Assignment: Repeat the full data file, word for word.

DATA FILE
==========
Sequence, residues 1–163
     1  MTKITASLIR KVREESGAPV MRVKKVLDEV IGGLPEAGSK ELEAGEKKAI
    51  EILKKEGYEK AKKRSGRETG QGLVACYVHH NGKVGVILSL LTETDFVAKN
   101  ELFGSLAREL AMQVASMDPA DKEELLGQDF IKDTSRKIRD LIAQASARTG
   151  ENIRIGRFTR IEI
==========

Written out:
Sequence, residues 1–163
     1  MTKITASLIR KVREESGAPV MRVKKVLDEV IGGLPEAGSK ELEAGEKKAI
    51  EILKKEGYEK AKKRSGRETG QGLVACYVHH NGKVGVILSL LTETDFVAKN
   101  ELFGSLAREL AMQVASMDPA DKEELLGQDF IKDTSRKIRD LIAQASARTG
   151  ENIRIGRFTR IEI